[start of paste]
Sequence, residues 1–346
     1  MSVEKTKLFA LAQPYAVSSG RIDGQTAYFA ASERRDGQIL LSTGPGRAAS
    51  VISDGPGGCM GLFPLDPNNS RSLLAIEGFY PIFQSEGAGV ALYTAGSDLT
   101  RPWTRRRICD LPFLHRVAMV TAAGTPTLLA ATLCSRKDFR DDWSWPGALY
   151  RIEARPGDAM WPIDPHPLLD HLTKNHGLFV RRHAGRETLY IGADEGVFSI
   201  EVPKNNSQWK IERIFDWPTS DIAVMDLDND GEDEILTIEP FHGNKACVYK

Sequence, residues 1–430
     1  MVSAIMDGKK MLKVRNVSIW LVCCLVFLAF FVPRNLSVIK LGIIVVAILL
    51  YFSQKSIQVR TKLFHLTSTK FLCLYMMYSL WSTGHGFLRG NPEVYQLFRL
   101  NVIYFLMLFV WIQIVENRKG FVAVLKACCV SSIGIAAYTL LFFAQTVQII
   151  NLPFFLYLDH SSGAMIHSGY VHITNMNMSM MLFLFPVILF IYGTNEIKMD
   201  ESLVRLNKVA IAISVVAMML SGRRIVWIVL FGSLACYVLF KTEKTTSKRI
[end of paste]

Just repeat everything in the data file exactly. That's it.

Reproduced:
Sequence, residues 1–346
     1  MSVEKTKLFA LAQPYAVSSG RIDGQTAYFA ASERRDGQIL LSTGPGRAAS
    51  VISDGPGGCM GLFPLDPNNS RSLLAIEGFY PIFQSEGAGV ALYTAGSDLT
   101  RPWTRRRICD LPFLHRVAMV TAAGTPTLLA ATLCSRKDFR DDWSWPGALY
   151  RIEARPGDAM WPIDPHPLLD HLTKNHGLFV RRHAGRETLY IGADEGVFSI
   201  EVPKNNSQWK IERIFDWPTS DIAVMDLDND GEDEILTIEP FHGNKACVYK

Sequence, residues 1–430
     1  MVSAIMDGKK MLKVRNVSIW LVCCLVFLAF FVPRNLSVIK LGIIVVAILL
    51  YFSQKSIQVR TKLFHLTSTK FLCLYMMYSL WSTGHGFLRG NPEVYQLFRL
   101  NVIYFLMLFV WIQIVENRKG FVAVLKACCV SSIGIAAYTL LFFAQTVQII
   151  NLPFFLYLDH SSGAMIHSGY VHITNMNMSM MLFLFPVILF IYGTNEIKMD
   201  ESLVRLNKVA IAISVVAMML SGRRIVWIVL FGSLACYVLF KTEKTTSKRI